Eighty feet per second

It is honest, spontaneoous curiosity that best conveys my interest  and concern for the client.*
(Edgar Schein)

That is was a traffic of love is sufficiently clear; but love pursued with fervour is one of the roads to knowledge.**
(Nan Shepherd)

We are increasingly adept at sharing information and knowledge but lag behind at caring.

Edgar Schein catches my eye with his connecting of curiosity, interest and care because he exposes a different kind of knowledge.  In his work with one company, Schein reflects:

‘They did not need a common marketing programme; they first need get to know one another at a more fundamental, personal level.’*

Connecting knowing and caring may be one of the greatest breakthroughs we are able to accomplish as a species.

To know something may be a portal to caring.  Nan Shepherd spins this around, saying that our love for something opens up knowledge that is worth having.

Allowing relationships to guide matters of efficiency may appear to be a recipe for trouble but Schein’s experience suggests the opposite:

‘Having outsiders engage in a diagnostic process and analysing data often turns out to be much slower than building a personal relationship with a client and other members of a system and together figuring out what is going on and what needs to be done.’*

When people are engaged and empowered through the building of relationships we engage the most powerful means of change we possibly can: people.

Erwin McManus suggests:

‘Your best future is waiting in your deepest relationships.’^

He has just asked the question:

‘Who are the people you have bound your life to whom you have declared “I am with you”?’^

What if it were possible to affect change wherever we are at eighty feet per second?

In 1852, Hermann von Helmholtz managed to measure the speed of nerve conduction.  Eighty feet per second, then, is the speed of our emotions and feelings – one might argue, it is the speed of a relationship working well.^^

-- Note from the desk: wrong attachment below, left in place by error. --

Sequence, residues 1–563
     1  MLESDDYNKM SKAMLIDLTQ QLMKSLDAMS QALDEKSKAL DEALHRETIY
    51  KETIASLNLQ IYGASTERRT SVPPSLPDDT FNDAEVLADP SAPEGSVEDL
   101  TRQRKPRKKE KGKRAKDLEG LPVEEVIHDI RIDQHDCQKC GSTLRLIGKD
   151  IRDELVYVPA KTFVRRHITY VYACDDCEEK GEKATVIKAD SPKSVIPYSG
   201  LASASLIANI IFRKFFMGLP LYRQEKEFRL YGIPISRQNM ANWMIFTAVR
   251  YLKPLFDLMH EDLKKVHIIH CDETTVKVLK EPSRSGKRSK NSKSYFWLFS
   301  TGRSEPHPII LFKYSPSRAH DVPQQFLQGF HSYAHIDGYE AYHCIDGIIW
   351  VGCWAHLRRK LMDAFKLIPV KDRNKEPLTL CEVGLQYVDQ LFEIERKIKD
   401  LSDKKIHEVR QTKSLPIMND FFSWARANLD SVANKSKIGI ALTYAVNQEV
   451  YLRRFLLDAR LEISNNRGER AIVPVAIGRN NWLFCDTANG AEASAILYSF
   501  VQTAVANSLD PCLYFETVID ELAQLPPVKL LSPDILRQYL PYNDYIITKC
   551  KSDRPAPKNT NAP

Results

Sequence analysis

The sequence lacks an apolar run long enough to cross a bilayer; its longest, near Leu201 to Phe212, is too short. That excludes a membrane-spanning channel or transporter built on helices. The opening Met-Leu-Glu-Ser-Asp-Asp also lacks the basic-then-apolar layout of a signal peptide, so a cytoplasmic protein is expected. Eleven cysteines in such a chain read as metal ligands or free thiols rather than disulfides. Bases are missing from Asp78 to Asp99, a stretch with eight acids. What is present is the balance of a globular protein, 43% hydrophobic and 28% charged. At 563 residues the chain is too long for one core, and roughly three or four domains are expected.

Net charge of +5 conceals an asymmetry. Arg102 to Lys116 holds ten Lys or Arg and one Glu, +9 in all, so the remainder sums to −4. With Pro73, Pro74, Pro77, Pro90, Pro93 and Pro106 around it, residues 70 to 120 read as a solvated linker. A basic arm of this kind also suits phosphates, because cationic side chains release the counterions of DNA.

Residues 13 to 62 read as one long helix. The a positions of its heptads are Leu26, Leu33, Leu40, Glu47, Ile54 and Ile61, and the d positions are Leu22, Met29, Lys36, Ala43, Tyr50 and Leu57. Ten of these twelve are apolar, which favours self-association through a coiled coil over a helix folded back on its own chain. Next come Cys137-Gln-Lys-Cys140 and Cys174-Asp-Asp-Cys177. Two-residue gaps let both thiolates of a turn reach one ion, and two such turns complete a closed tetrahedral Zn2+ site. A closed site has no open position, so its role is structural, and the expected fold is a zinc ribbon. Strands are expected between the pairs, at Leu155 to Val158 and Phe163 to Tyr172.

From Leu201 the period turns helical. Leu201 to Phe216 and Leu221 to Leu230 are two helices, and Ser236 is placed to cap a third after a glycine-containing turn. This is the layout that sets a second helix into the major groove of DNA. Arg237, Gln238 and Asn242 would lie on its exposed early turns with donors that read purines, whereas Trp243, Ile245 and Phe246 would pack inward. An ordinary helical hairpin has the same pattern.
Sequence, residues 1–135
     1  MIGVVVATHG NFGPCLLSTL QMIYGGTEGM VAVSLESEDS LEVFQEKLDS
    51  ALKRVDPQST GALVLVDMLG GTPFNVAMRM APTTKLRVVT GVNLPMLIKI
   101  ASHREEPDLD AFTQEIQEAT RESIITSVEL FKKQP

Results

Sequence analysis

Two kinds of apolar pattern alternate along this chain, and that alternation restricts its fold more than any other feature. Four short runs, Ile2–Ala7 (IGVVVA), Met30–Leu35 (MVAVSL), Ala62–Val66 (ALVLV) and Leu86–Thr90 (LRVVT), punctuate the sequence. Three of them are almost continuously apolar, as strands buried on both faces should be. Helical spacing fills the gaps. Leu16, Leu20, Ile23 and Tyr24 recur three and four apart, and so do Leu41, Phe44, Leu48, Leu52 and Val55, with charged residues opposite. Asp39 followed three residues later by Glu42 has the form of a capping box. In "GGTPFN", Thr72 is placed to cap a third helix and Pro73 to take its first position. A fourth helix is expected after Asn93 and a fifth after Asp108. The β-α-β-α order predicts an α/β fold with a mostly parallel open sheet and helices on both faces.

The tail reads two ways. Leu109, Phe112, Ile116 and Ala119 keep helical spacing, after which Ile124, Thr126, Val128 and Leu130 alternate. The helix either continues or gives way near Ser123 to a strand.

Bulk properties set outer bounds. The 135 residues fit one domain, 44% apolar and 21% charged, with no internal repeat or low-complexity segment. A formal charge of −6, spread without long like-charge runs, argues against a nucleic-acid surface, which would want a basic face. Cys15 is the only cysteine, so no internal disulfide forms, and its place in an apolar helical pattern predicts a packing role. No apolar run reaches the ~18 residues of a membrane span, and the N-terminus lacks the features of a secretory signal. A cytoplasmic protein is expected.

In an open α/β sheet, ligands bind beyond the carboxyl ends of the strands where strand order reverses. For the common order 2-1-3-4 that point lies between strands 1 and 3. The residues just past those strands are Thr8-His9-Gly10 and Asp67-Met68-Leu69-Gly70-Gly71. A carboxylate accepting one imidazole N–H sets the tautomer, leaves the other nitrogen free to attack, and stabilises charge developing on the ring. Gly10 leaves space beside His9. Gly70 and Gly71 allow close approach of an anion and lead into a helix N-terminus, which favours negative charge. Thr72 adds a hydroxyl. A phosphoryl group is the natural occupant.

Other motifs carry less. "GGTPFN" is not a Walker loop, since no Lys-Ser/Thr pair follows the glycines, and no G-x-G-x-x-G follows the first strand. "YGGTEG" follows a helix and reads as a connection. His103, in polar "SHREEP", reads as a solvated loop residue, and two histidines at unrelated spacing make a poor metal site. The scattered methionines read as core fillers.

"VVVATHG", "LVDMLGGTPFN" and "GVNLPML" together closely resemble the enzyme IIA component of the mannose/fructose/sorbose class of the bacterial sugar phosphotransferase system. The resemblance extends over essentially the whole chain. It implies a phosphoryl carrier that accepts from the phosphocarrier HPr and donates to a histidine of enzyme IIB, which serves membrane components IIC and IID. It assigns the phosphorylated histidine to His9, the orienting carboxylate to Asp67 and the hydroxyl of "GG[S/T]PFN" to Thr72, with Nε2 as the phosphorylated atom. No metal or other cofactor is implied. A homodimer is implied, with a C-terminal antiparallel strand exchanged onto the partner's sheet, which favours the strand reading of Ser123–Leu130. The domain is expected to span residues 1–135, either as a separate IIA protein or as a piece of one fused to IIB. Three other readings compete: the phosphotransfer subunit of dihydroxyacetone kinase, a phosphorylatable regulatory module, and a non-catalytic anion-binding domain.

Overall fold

In this way of working, everyone benefits, as Seth Godin points out, though he wasn’t imagining nerve conduction when he wrote these words:

‘The toll of making change is that you will be changed.’*^

(*From Edgar Schein’s Humble Consulting.)
(**From Nan Shepherd’s The Living Mountain.)
(^From Erwin McManus’ The Last Arrow.)
(^^From Maria Popova’s Brain Pickings: Emily Dickinson’s Electric Love Letters to Susan Gilbert.)
(*^From Seth Godin’s Graceful.)

More than a utilitarian life

Conversation is the heart of the new inquiry.  It is perhaps the core human skill for facing the tremendous challenges we face.*
(Institute for the Future)

I realised these brains were participating in the beauty of the cosmos.**
(“Nephew”)

Some of us are all down to earth.  Others of us can be all in their dreams.  The wonder is to be found in both, the thing that happens when these are brought together:

‘May your soul beautify
The desire of your
That you might glimpse
The infinity that hides
In the simple sights
That seem worn
To your usual eyes.’^

These words from John O’Donohue come from his book To Bless the Space Between Us.  This space between two people, often unnoticed, is the conversation, a wonderful place.  We never speak directly.  In our conversations with one another, we are creating anything from a wasteland to a verdant garden.

When we begin to see how we never meet each other directly but are creating this space then the possibilities increase

I often refer to the process of my work with others as being a journey of converations.  I learn many things about myself and my work as well as about others in these conversations; we help each other to be more fully ourselves:

‘Awaken to the mystery of being here
and enter the quiet immensity of your own presence.
[…]
Respond to the call of your gift and the courage to
follow its path.’^^

Conversations can be both functional and elegant, both down to earth and dreamlike.

(*Institute for the Future, quoted in Jay Cross’ Informal Learning.)
(**The character “Nephew” from Alan Lightman’s Mr g.)
(^From John O’Donohue’s To Bless the Space Between Us: For the Senses.)
(^^From John O’Donohue’s To Bless the Space Between Us: For Presence.)

Commodity or gift?

Humble inquiry maximises my curiosity and interest in the other person and minimises bias and preconceptions about the other person.*
(Edgar Schein)

If you want to go fast, go alone.  If you want to go far, go together.**
(African saying)

We want to bring everything we are to what we do.  It’s hard, though, when we work within systems that treat us more like “It” rather than “You” or “Thou,” as Martin Buber has it – even if this is not the intention; Buber holds out for something more:

‘Inscrutably involved, we live in the currents of universal reciprocity.’^